I started with our current neighborhood and was surprised at how many historic sites and interesting things have been hiding right under my nose. The gorgeous house I pass nearly daily and always wondered how old it was? Turns out it was built in 1887 by a somewhat eccentric German immigrant farmer. Or the building my daughter likes to call the castle? I knew it was called the Stockyards Exchange, but had no idea it was also built in 1887 and once housed the offices for the country’s largest stockyard . . . and for one year in 1998 it was the Castle Hotel (maybe Olivia was right after all!).
Even if history isn’t your thing, this app allows you to narrow recommendations by interest: history, cool & unique, architecture, food, drinks and fun, and art and museums. You can save places as favorites or to return to later.
If you have your smartphone and the FieldTrip app you should never run out of places to visit . Happy travels!
Each time we travel, near or far, we find something that we want to bring home to make our little corner of the world a little brighter. Sometimes we see things that remind us how lucky we are to have the home and life that we have. If you open your eyes and mind you will always learn something to carry with you.
Chicago, the Windy City; the epicenter of city life in Illinois. Growing up in the Land of Lincoln Chicago was the big city to visit for school trips, fancy prom dresses, and weekend getaways for those that could afford it.
Now, living in Minnesota, it is still a quick trip for a weekend getaway, especially when your travel pals are still located in Illinois. The easy access, affordability, and sense of familiarity is why we chose Chi town for our first annual sisters weekend.
We desired a little relaxation and plenty of space to have fun so we rented a house instead of going the hotel route. I found a great little place on Home Away located near Lincoln Square and if I ever moved to Chicago this is probably where I would end up. (Other than the fact that the house across the street was going for close to a million!)
Easy access to the brown line, a beautiful park, lots of little restaurants and local shops, and plenty of history. Designated Lincoln Square in 1925, the area use to be heavily German. You will still find a few German relics, such as the Chicago Brauhaus, but the neighborhood has become an eclectic mix of smaller chains such as Fleet Feet and unique shops like Merz Apothecary.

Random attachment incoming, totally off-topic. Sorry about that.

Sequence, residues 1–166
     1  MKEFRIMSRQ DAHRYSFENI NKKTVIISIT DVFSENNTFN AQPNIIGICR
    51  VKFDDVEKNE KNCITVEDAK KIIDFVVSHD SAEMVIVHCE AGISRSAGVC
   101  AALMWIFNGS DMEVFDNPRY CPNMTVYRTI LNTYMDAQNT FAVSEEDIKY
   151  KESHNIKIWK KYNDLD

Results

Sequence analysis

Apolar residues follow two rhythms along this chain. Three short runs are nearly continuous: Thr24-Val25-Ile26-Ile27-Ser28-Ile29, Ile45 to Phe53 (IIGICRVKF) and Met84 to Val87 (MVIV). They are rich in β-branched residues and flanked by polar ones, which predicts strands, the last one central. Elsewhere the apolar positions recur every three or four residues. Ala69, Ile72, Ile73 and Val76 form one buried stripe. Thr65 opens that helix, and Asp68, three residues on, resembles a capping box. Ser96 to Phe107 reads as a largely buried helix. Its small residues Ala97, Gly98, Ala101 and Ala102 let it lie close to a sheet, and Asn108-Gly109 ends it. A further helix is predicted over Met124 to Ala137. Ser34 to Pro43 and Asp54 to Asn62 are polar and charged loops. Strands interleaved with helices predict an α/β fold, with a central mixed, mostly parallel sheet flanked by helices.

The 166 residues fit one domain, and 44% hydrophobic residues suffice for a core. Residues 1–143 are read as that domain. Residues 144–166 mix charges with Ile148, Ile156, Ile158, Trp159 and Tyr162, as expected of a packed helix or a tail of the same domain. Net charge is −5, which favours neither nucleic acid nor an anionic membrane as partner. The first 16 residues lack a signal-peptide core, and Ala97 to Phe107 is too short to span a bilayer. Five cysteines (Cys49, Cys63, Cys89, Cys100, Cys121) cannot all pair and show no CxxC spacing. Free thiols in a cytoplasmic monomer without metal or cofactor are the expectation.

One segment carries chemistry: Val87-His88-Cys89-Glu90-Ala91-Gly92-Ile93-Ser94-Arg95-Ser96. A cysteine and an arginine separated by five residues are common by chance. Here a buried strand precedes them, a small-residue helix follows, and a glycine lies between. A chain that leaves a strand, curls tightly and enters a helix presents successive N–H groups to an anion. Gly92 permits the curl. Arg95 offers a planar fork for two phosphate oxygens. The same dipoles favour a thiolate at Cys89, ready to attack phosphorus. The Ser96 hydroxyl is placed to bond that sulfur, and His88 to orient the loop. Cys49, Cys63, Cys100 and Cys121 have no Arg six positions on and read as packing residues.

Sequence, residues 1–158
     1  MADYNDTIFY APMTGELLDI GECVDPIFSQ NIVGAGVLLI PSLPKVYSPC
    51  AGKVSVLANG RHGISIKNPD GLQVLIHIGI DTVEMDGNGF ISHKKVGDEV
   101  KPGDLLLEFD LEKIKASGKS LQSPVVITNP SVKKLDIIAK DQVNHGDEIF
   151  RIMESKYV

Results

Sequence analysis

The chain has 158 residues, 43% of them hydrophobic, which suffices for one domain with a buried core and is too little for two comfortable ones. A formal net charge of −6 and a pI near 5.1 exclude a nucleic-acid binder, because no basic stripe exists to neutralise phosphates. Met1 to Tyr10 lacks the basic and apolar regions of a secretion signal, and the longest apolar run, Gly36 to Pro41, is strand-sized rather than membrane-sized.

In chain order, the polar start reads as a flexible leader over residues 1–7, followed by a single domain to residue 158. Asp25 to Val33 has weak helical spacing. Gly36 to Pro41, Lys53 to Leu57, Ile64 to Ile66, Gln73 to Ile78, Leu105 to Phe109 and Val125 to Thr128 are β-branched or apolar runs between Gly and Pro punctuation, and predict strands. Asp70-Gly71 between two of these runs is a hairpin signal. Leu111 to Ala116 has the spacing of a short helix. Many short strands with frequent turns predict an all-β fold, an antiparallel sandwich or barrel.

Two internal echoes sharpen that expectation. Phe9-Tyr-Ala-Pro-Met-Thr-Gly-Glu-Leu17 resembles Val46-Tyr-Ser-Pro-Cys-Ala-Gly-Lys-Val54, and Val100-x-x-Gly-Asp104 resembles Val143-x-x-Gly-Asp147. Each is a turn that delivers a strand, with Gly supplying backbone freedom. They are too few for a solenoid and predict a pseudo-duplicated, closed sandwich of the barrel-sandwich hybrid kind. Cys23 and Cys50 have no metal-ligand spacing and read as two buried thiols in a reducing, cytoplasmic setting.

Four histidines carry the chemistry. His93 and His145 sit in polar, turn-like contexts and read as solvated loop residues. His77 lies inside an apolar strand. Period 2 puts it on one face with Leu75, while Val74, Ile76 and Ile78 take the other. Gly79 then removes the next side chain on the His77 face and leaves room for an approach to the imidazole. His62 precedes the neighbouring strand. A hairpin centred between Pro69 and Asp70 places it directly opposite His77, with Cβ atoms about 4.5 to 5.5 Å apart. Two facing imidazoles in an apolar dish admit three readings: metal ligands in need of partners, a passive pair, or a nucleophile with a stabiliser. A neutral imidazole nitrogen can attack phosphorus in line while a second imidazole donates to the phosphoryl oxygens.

Day one I found a tasty little place named Gene’s Sausage Shop that would be my go-to spot if I lived there. A great deli, prepared salads, and killer giant pretzels; not to mention, the upper level alcohol selection and rooftop beer and wine garden. Then of course there was the consignment shop, A Secret Closet, where I grabbed a whole new outfit in less than 15 minutes and chatted with the friendly staff.
Once my sisters joined me the next day, we spent a little more time wandering Lincoln Square for shopping and dining. We enjoyed a morning coffee stop at The Grind, which seemed to be the favorite among the locals. The wait in line was well worth it! We walked out with delicious iced coffees and a moist zucchini muffin.
A quick trip on the brown line and a switch to the blue line got us to Wicker Park/Bucktown. This area is now very popular among the younger Chicagoans, and therefore has a reputation as a hipster area. However, it has great shopping, restaurants, and people watching. And it is a nice alternative to the crowds and large national chains that clutter the Magnificent Mile. We wandered up and down the neighborhood and enjoyed a leisurely lunch at Francesco’s Forno. The wide open windows and classic rustic settings made us feel like we were dining al fresco in a café a world away. We made a post lunch pit stop at the Toms store which offers coffee that gives back along side their comfy shoes that give one for one.
After a long day of walking, our legs were cramping and we were ready to head back to our apartment. We decided to stay close to home base and dine in Lincoln Square. Of course, that didn’t really narrow our options or make it any easier to decide on a restaurant. We finally settled on Barba Yianni Grecian Taverna for Mediterranean and it was a great choice. The staff was friendly and knowledgeable; and the food was fantastic and authentic. We highly recommend the humos, greek salad, lamb kebobs, gyro platter, and olive plate. Really I don’t think you can go wrong with anything on the menu, but be prepared to eat big or share a meal.
Day two we hopped back on the brown line and jumped to the red line to go check out Navy Pier. Unfortunately, Navy Pier is undergoing a massive redevelopment and is currently missing some of the grandeur and fun that it is known for. I’m sure it will look amazing when it is finished, but for now I’ll keep it off the list of possible stops for future trips.
Although Navy Pier was a bust, we really enjoyed our lunch at Osteria via Stato. So if you find yourself in the River North neighborhood, stop by for great pizza, Italian specialties, and drinks.
Unfortunately, we didn’t have more time to explore further, but I’m sure we will visit again. Good thing, because I’ve already started a list of places I haven’t gotten to visit yet: Chicago Foodseum, the Andersonville neighborhood, Scone City in Wicker Park, River Roast for a Hoosier Mama Pie. Any other things I should add to the list?
It has been nearly two weeks since I was on here, but for good reason. We have been traveling and spending family time together while I’ve been mulling over revamping this site.
So one thing that I’m reworking is the motivation Mondays. Olivia is beginning to really remember things we say to her and I have so much advice and so many words of wisdom (my own and from others) that I want to share with her that once a week doesn’t seem like enough . . . but it is a start. I want her to know about the power of travel, how to treat herself and others in a caring way, that good food is a must, and that even as one person she can change the world.
If there are any favorite quotes or words of wisdom you would like to share please let me know.